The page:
To be treated to readings by two writers included in Granta’s 2013 Best Young Novelists list was double blessing indeed on a grey October morning in Dundee. In a venue steamy with wet raincoats, Jenni Fagan and Sarah Hall read from their latest works, each with her own distinctive style.
Fagan’s prizewinning début novel, The Panopticon, (William Heinemann, 2012) is set in the terrifying world of a secure children’s unit somewhere in Scotland. This is an institution where children who have somehow ‘failed’ to adapt to society’s norms can be observed twenty-four hours a day. Like the main character, Anais Hendricks, they have probably been brought in in handcuffs. Hendricks has blood on her school uniform and is suspected of assaulting afemale police officer, who is now in a coma. Disempowered as Hendricks is by the system meant to protect her, she remains upbeat and hopeful and seems to believe often unrealistically so that there is another life into which she can be metaphorically reborn.
Fagan’s chosen reading found Anais rehearsing the various possible circumstances and outcomes of her future ‘rebirth’. Whilst the raw language and voice are both firmly fixed in the character of this bright but troubled and, as yet, uneducated youngster, Fagan’s delivery was surprising in its reflective quality and lyrical style. This mirrored unexpected aspects of the novel itself, a work which deals, essentially, with a parallel world so dangerous and unpredictable that it would crush most of us. It came as no surprise to learn that Fagan’s early literary ambition was to be a poet.
Sarah Hall read “The Agency” a short story from her collection The Beautiful Indifference (Faber and Faber, 2011). Quite different in both literary style and delivery, Hall is supremely confident in her creation of setting and “texture” necessary to bring a short story to maturity. The detailed description of the headquarters of a mysterious “agency”, whose clients are, it seems, vaguely dissatisfied females looking for they don’t yet know what, engages the listener fully with the strange, almost science-fiction atmosphere of Hall’s story. The characterisation of The Drone, the super-polite agent, together with dialogue which fall with perfection on the ear, had a directness and upbeat quality reflected in Hall’s own reading style.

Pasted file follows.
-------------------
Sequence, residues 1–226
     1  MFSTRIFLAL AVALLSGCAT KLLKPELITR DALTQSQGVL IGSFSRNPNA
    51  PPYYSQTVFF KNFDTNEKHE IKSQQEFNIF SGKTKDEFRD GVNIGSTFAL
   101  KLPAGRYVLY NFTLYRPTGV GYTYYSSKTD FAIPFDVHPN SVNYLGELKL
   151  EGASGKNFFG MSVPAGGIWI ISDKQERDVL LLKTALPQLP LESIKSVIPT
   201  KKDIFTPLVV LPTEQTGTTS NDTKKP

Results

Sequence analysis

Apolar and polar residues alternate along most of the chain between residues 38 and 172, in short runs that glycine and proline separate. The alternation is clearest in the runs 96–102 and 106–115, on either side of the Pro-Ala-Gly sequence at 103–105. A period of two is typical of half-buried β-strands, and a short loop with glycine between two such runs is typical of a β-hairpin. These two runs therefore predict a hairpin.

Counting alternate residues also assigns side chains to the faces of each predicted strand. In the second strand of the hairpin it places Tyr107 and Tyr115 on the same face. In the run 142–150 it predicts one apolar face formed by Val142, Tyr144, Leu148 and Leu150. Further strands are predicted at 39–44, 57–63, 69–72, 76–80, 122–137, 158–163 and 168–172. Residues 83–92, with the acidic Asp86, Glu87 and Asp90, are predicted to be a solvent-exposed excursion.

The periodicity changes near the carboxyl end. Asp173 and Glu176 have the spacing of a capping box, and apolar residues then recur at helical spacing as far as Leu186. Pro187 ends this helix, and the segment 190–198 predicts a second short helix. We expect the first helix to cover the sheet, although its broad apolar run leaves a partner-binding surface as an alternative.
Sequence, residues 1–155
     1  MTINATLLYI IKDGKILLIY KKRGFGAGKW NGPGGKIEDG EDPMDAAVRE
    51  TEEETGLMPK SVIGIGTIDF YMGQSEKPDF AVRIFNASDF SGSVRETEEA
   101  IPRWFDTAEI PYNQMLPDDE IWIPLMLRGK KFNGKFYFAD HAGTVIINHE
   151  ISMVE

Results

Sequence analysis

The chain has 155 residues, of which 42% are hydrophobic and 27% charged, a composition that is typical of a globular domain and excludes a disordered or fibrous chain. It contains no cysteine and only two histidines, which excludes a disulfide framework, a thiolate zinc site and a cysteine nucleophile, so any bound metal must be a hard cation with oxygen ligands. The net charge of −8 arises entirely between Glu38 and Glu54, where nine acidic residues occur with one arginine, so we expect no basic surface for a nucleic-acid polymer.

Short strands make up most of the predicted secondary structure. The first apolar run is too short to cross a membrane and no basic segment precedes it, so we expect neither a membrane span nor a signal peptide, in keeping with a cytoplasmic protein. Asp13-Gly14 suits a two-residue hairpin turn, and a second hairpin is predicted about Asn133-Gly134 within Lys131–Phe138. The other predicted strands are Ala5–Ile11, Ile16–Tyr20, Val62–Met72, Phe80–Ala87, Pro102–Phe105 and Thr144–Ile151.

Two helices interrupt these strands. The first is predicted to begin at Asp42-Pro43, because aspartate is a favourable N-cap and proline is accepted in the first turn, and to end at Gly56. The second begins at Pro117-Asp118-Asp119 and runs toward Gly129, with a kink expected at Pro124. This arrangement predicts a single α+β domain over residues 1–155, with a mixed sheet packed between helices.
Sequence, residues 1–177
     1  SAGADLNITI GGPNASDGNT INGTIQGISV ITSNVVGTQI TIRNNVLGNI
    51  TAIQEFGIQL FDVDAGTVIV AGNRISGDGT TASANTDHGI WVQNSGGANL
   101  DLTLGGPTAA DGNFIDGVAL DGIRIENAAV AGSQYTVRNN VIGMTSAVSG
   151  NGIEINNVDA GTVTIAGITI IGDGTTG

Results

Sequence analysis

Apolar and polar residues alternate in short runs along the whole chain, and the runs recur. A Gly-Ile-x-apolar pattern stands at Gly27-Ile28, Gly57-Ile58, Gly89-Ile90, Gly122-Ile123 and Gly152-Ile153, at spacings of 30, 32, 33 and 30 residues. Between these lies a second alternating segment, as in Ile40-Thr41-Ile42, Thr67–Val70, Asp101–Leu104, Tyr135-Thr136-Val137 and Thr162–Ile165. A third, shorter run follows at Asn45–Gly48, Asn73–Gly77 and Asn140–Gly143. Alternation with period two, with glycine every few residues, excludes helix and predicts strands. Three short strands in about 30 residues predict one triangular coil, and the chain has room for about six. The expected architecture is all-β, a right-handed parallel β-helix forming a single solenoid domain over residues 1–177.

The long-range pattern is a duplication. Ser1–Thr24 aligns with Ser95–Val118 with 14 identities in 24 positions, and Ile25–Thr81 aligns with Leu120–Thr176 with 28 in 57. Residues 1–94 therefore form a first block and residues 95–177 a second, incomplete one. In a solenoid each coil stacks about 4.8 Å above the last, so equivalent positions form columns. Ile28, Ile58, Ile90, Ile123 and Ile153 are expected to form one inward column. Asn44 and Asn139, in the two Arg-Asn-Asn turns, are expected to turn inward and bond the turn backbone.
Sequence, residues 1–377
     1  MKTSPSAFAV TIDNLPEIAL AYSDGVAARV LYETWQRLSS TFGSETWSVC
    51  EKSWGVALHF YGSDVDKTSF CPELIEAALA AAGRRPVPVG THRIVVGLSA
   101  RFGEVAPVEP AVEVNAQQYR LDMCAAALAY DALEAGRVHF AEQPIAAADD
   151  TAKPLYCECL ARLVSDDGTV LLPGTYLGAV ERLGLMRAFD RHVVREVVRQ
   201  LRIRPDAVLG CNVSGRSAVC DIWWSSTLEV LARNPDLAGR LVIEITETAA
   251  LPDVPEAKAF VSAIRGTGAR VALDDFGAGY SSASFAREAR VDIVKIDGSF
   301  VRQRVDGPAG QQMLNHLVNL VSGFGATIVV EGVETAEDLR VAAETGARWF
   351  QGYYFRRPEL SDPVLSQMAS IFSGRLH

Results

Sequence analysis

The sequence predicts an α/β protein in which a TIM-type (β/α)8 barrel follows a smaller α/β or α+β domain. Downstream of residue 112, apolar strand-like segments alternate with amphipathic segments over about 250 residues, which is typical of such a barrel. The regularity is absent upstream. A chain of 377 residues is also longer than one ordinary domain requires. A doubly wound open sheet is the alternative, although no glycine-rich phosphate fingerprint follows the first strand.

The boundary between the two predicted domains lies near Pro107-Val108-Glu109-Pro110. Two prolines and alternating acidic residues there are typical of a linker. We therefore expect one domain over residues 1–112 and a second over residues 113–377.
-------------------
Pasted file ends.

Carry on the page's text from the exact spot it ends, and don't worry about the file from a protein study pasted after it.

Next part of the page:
In answer to questions from the floor, Hall compared the short story form with the novel “They are different beasts”, she said. Something definite must occur in a short story, whose development must be brief. She also spoke eloquently of the capacity of language to affect the state of mind of both reader and writer. “What influences creation is”, she remarked, “texture, a glow – the vibrancy of the moment.
Towards the end of the session, the entrance of the two writers into the literary world was contrasted. Hall described her slow-burn of her rise to prominence via her short stories and acclaimed novels, including Haweswater and Electric Michaelangelo. Fagan, on the other hand, admitted to have been taken somewhat unawares by the worldwide success of her first novel and spoke of the need to keep the media-driven pressures of success “somewhere out there”.
Looking to the future, Hall is working on a new novel set in post-independence Scotland (she hopes it will be released in September 2014!), whilst Fagan plans to return to short stories and a second novel, while at the same time also working on the screenplay of The Panopticon. In both cases, the world of literature and film can look forward with anticipation to more great things from these two talented writers.
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